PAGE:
Multidistrict litigation — in which multiple lawsuits from numerous districts are consolidated under the jurisdiction of one federal court — has captured headlines and reshaped the legal landscape in the United States. These MDLs now account for 52% of the federal civil caseload, and the trend shows no signs of slowing down. Just last week, plaintiffs in the opioid litigation in Illinois announced the largest all-cash privacy class action settlement to date.
For nearly a decade, Duke Law School has hosted academic conferences on MDLs and facilitated critical scholarship, such as the often-cited Guidelines and Best Practices for Large and Mass-Tort MDLs. However, as MDLs have become a more frequent means to organize and settle cases, the need for practical instruction in the field has continued to grow. To address this, Duke Law will offer its Mass-Tort MDL Certificate through an interactive live webcast on November 9, 2020. The program was offered for the first time last year and filled to capacity; feedback was overwhelmingly positive.
“This was probably the most informative and useful program I have ever attended. Anyone considering working in an MDL or even just filing cases in an MDL should attend this program, as it teaches how the process works in real life,” one attorney said after last year’s program. Another lawyer who was new to the practice said the networking opportunity was “second to none” because of the built-in Q&A time and social events that allowed participants the opportunity to meet and discuss issues with the faculty.
This year, the Mass-Tort and MDL Certificate Program has expanded course offerings to provide tailored curricula for both plaintiff and defense attorneys. The program addresses issues that are typically only learned through years of work with lead counsel and MDL committee chairs, including training on the conventions and customs of MDL litigation, e.g., committee appointments and working with special masters; specific approaches to topics like depositions, documents productions, fact and expert discovery, privilege logs, etc.; and best practices and insights into emerging trends.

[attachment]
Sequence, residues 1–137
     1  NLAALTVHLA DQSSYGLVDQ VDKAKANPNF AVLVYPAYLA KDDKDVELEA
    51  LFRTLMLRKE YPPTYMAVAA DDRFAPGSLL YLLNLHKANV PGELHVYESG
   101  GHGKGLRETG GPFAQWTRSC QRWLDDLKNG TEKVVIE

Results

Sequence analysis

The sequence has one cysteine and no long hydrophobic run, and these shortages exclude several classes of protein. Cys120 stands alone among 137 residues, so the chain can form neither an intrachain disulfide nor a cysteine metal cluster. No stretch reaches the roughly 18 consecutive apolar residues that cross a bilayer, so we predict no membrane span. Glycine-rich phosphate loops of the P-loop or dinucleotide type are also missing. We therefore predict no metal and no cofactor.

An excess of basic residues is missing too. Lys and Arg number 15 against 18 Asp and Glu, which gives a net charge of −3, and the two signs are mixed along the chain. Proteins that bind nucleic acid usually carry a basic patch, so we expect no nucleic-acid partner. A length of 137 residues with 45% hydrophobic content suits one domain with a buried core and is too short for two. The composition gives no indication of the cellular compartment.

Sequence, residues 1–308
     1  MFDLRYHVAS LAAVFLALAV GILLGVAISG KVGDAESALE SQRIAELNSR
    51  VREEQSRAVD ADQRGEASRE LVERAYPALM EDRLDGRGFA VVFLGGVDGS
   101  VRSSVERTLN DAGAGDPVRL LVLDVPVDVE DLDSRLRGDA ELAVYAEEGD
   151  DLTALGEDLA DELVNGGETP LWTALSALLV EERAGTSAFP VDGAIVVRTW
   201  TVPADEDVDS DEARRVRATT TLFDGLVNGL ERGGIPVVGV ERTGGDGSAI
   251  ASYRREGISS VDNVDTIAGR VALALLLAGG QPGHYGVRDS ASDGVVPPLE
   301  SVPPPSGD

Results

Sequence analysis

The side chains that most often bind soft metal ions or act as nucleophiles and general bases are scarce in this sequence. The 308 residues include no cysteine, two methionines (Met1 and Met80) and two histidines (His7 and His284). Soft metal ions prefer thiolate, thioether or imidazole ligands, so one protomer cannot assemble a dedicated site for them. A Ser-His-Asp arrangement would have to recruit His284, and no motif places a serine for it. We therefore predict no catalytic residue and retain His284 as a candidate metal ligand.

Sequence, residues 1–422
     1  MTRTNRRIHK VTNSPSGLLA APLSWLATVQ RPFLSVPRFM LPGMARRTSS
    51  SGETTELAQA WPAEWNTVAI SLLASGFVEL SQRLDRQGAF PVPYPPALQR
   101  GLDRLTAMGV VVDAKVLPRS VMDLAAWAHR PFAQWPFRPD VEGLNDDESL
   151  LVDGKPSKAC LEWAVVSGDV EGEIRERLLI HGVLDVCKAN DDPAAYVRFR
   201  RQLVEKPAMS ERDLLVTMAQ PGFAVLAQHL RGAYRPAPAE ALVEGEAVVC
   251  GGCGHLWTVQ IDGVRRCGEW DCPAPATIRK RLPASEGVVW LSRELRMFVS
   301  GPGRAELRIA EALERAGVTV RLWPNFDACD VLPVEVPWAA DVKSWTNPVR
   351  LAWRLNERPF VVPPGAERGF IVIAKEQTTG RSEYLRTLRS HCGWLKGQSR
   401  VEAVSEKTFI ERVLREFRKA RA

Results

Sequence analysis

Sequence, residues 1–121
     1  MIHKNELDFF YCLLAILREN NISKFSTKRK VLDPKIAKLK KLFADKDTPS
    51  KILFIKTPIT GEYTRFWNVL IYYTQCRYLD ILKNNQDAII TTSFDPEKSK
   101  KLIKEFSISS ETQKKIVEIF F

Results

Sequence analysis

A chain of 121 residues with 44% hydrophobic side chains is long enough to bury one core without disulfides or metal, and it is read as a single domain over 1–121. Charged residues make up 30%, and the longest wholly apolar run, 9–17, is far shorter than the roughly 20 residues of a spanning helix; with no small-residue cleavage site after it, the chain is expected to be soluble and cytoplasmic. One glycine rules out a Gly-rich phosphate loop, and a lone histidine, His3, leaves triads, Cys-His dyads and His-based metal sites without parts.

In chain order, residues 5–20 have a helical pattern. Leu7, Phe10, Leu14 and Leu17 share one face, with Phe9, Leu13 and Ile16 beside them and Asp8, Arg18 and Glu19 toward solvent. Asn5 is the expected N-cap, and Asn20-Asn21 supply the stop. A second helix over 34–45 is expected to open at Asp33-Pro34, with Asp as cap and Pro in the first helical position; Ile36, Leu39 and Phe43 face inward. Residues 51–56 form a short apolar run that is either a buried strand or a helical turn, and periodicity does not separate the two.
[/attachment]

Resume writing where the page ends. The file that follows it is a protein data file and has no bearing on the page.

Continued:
Registration for the 2020 program is open; it will take place at Duke Law School on March 11-13, 2020, with accommodations at the Washington Duke Inn (on Duke University’s campus and just a short walk from the law school). The standard program is open to both defense and plaintiff attorneys, and an advanced certificate program is available to those who completed the regular certificate last year. Information on the certificate, the complete schedule, faculty, logistics, tuition, and registration can be found on our website at judicialstudies.duke.edu/MDL2020.
For new attorneys looking to transition into the mass-tort field or who are interested in pursuing committee appointments, the Duke Law certificate can provide a valuable opportunity for career advancement. The advanced certificate is equally valuable to those in the practice who want to deepen their knowledge and expand their network with preeminent leaders in the field.
“This was probably the most informative and useful program I have ever attended. Anyone considering working in an MDL or even just filing cases in an MDL should attend this program as it teaches how the process works in real life.”
The faculty includes top practitioners, many with decades of experience. Among them: Francis McGovern, Duke Law professor and special master in the ongoing opioid litigation; Elizabeth Cabraser, founding partner of Lieff Cabraser Heimann & Bernstein LLP and lecturer at Berkeley Law; Chris Seeger, founding partner of Seeger Weiss; and Paul Geller, of Robbins Geller Rudman & Dowd LLP. Seven U.S. district court judges are also on faculty to provide perspectives from the bench.
Unlike a more doctrinal law school course, this program focuses on practical skills and applied concepts in all aspects of multidistrict litigation — from making the initial decision to file to navigating the complexities of post-trial payouts — and is designed to help participants solve realistic problems. One session is will give participants the chance to workshop potentially sensitive and confidential issues with an expert panel.
The program also aims to broaden and deepen the field of lawyers who are skilled in MDL. Many have lamented that MDL is dominated by a small group of highly skilled attorneys. As the 2018 MDL Standards and Best Practices notes: “Mass-tort MDL cases affect a large and diverse group of people, and ensuring diversity in the leadership of the cases will enhance public trust in the courts and will improve the likelihood of consideration of diverse ideas and perspectives that MDLs require.” By attracting new talent and strengthening the experience of a larger number of lawyers, Duke’s certificate program hopes to not only help diversify the field of practitioners in mass-tort and MDL litigation but also to help to improve the administration of justice and public confidence in the judiciary.
To learn more, visit https://judicialstudies.duke.edu/MDL2020.
— Eric Surber
Limited scholarship funding is available for attorneys who demonstrate financial need; contact Lora Beth Farmer at email@example.com for more information and to apply.